The son of a dead Italian nobleman and a wealthy American woman forgets the disappointment of finding he has no talent for being a painter by succumbing to the sexual advances of an amoral model who believes in indiscriminate love affairs.
Rosa Moline is bored with life in a small town. She loves Chicago industrialist Neil Latimer who has a hunting lodge nearby. Rosa squeezes her husband's patients to pay their bills so she ... See full summary »
While waiting on a delayed flight, David Trask, who has left his unfaithful wife, meets three of his fellow passengers. When the aircraft crashes, he is one of few survivors, and sets out to resolve their unfinished business.
After his teenage daughter Danny is arrested for the murder of his ex-wife's current lover, Luke Miller recalls his marriage to Valerie Hayden and the subsequent events which led to the tragedy. The lurid story seems to have been suggested by the real-life Lana Turner/Johnny Stompanato/Cheryl Crane murder scandal of six years earlier when Lana's daughter Cheryl stabbed her mother's boyfriend (Stompanato) to death in the bedroom of Lana's Beverly Hills home. Written by
At the last minute, the producers wanted to add a scene where Bette Davis' character goes insane and commits suicide. Davis resisted, saying it was out of character for the role. The producers attempted to sue her but Davis won the case. See more »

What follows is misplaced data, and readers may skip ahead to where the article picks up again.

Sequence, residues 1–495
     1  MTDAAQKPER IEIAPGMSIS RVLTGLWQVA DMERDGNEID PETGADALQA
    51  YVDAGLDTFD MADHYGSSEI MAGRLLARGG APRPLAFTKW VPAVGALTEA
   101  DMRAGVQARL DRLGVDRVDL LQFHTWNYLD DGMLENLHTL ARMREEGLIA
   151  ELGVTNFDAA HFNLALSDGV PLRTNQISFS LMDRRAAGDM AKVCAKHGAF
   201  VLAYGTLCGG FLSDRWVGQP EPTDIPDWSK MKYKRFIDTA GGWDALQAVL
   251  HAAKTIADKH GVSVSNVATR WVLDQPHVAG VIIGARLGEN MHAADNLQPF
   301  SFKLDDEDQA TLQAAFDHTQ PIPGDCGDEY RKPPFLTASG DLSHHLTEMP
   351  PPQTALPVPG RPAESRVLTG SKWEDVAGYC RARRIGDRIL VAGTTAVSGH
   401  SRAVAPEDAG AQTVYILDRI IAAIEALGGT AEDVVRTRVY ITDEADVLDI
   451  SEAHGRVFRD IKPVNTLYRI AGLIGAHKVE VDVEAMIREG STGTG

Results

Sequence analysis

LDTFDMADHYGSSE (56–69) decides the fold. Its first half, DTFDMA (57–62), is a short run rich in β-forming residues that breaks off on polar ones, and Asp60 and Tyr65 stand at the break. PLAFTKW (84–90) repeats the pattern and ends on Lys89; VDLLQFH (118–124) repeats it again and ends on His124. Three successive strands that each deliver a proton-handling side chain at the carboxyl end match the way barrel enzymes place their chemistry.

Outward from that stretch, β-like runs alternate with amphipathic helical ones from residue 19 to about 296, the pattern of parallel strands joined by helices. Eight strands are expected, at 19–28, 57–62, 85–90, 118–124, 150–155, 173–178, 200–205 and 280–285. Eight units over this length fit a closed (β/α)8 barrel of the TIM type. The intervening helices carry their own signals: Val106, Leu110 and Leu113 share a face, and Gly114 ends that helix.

During a scene in her bedroom, Susan Hayward is shown using a then-new Princess phone, however the dial does not light up. This was one of the new phone's selling points at the time, which was advertised with the slogan "It's little... It's lovely... It lights". See more »
I'm going to side-step the whole Lana Turner murder plot and just address the big flaming hole in this film.
About ten minutes into the film, we flashback about twenty years to approximately 1944, where we remain for at least an hour. No one changes. Not one bit. Everyone looks exactly the same, even wearing the same 1964 costumes and hairstyles. Someone was thoughtful enough to give Luke a 1940s automobile, which he drives down a street full of 1960's cars! (In 1944, there shouldn't be a Corvair parked across the street). Besides the hair and clothes, all the homes are decorated in the same 1964 decor they had prior to the flashback (oh, those AWFUL grays that just ruin Hayward's "studio"...!) It doesn't really matter what redeeming qualities the film might have outside of this, and I didn't really see much, you can't just insult the hell out of your audience with a lousy flashback that is only twenty years earlier because the characters say it is, and expect them to respect the rest of the film. This is really, really bad; the so-called flashback is the worst art and set direction I have ever seen.
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